Could blending living and artificial systems help make agriculture more eco-friendly?
What started out as an undergraduate summer project at the Distributed Robotics Lab (DRL), part of the Computer Science and Artificial Intelligence Lab at MIT, has now turned into a long-term plan to
develop an autonomous gardening system.
DRL researcher Jason Dorfman explains the concept: ¨We consider plants, pots and robots to be systems with different levels of mobility, sensing, actuation, and autonomy. As a whole, the system can be considered a mixed artificial/natural society, which transforms energy, water and nutrients into produce.¨
Within this unusual garden pots and plants are enhanced with computation, sensing, and communication, while autonomous robots cruise around, sensitive to the needs of the vegetation. This system allows for ¨precision agriculture¨per say; water and nutrients are delivered exactly when needed and fruit is harvested optimally.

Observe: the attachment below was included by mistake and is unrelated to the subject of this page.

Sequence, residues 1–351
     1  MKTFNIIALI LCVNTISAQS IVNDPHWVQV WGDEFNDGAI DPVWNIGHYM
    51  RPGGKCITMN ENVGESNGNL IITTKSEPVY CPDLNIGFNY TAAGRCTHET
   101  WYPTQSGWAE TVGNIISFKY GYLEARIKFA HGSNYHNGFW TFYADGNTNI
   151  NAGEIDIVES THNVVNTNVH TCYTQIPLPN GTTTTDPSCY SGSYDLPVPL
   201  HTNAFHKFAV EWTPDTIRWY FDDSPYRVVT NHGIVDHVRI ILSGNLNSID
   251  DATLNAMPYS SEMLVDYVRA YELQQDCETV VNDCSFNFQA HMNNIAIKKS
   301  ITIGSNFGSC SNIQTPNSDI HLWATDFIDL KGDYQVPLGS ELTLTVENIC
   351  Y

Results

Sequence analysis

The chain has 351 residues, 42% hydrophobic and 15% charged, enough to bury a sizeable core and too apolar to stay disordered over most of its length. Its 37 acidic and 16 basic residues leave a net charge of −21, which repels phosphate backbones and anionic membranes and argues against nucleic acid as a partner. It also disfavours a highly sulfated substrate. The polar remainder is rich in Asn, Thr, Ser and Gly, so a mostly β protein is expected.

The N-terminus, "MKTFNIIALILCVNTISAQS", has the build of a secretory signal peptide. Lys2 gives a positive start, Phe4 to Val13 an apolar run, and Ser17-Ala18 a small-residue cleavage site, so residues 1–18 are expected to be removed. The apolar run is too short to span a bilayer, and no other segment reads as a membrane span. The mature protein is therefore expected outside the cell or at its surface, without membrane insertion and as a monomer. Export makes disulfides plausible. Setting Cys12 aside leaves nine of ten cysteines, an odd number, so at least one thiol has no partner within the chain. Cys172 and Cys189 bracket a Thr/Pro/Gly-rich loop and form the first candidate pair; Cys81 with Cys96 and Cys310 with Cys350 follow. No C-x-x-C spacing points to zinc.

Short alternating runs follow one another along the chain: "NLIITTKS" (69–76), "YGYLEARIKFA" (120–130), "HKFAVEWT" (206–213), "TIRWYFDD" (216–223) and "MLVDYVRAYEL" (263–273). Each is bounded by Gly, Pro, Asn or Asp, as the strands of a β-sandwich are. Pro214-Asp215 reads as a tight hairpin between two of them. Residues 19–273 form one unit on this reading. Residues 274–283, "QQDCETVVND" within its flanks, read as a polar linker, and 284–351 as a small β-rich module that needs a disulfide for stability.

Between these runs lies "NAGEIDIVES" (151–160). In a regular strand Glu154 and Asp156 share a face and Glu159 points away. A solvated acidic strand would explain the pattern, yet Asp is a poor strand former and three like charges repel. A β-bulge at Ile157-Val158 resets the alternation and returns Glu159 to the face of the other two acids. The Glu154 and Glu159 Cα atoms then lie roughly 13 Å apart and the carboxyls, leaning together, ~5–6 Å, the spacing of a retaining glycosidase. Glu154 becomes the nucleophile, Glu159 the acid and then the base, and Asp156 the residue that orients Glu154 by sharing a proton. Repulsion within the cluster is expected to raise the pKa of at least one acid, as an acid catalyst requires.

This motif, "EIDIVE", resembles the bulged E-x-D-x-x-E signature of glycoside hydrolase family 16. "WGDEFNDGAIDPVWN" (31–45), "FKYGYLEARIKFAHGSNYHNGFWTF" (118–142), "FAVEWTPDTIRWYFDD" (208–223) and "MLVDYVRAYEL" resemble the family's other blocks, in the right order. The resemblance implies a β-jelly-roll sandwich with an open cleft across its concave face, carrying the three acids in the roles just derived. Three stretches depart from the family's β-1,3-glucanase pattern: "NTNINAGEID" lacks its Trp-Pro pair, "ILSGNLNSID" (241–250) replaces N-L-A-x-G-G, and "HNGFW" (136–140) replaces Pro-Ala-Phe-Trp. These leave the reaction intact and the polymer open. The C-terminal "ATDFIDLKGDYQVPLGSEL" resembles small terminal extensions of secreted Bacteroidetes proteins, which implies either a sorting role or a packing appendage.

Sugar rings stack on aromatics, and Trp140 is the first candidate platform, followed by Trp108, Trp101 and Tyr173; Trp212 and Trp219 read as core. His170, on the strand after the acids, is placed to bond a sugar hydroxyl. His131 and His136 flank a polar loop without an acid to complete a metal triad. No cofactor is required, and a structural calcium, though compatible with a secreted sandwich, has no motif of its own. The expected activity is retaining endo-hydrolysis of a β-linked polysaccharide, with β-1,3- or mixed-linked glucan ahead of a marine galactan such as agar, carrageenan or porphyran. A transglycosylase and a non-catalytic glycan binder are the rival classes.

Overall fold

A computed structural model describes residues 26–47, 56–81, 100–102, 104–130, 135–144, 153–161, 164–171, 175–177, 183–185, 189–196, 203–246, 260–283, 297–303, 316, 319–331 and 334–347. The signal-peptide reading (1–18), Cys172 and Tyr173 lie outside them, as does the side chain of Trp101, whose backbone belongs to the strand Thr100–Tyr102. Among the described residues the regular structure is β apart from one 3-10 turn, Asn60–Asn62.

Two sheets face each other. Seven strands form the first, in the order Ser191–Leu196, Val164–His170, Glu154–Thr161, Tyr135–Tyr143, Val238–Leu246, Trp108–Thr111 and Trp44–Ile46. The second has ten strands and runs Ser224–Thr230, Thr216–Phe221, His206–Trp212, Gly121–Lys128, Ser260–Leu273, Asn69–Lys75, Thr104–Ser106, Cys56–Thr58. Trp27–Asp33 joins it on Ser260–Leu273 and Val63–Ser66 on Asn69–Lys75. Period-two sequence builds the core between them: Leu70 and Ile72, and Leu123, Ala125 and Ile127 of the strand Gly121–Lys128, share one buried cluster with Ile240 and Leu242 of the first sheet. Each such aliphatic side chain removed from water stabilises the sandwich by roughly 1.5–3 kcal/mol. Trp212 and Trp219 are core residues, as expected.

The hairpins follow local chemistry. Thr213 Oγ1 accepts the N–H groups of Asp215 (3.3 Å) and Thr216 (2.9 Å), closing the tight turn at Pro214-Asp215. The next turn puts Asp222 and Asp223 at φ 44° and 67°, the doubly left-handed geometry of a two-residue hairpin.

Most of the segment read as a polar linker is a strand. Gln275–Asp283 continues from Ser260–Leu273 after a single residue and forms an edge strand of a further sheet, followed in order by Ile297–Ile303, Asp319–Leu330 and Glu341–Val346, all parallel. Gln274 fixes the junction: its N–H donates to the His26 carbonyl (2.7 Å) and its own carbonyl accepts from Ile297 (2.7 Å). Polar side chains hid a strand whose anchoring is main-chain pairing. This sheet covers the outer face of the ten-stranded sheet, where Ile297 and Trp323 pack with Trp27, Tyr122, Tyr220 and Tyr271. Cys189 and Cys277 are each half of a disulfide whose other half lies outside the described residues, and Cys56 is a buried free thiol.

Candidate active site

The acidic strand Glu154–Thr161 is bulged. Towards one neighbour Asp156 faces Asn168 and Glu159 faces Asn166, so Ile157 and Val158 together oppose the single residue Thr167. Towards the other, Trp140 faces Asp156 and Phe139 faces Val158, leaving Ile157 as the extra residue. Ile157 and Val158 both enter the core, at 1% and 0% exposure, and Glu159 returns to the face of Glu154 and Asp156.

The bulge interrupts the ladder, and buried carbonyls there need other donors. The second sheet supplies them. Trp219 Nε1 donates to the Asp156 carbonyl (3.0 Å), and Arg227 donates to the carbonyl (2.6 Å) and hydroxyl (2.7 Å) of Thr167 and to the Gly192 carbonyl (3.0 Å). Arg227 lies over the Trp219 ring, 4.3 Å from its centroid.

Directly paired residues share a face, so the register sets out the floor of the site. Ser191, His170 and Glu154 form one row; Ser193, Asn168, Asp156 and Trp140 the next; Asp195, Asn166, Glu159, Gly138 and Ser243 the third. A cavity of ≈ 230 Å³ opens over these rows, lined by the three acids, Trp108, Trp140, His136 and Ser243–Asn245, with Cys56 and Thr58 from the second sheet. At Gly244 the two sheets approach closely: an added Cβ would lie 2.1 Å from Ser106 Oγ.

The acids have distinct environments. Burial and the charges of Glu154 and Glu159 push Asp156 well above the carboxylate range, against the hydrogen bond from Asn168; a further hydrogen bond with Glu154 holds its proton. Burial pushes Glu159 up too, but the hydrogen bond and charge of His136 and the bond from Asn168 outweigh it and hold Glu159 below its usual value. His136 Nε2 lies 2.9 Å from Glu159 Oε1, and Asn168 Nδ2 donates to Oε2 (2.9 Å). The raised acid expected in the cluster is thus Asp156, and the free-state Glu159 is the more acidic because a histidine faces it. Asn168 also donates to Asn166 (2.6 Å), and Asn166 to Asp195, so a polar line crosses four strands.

The team at DRL hopes that this type of system may be implemented to reduce water consumption and pesticide use on farms and to make plant populations less prone to depleting the soil of specific nutrients. They also envision applications for this in green architecture, whereby fruits and vegetables can be cultivated on the inside and outside of buildings, increasing energy efficiency of the building.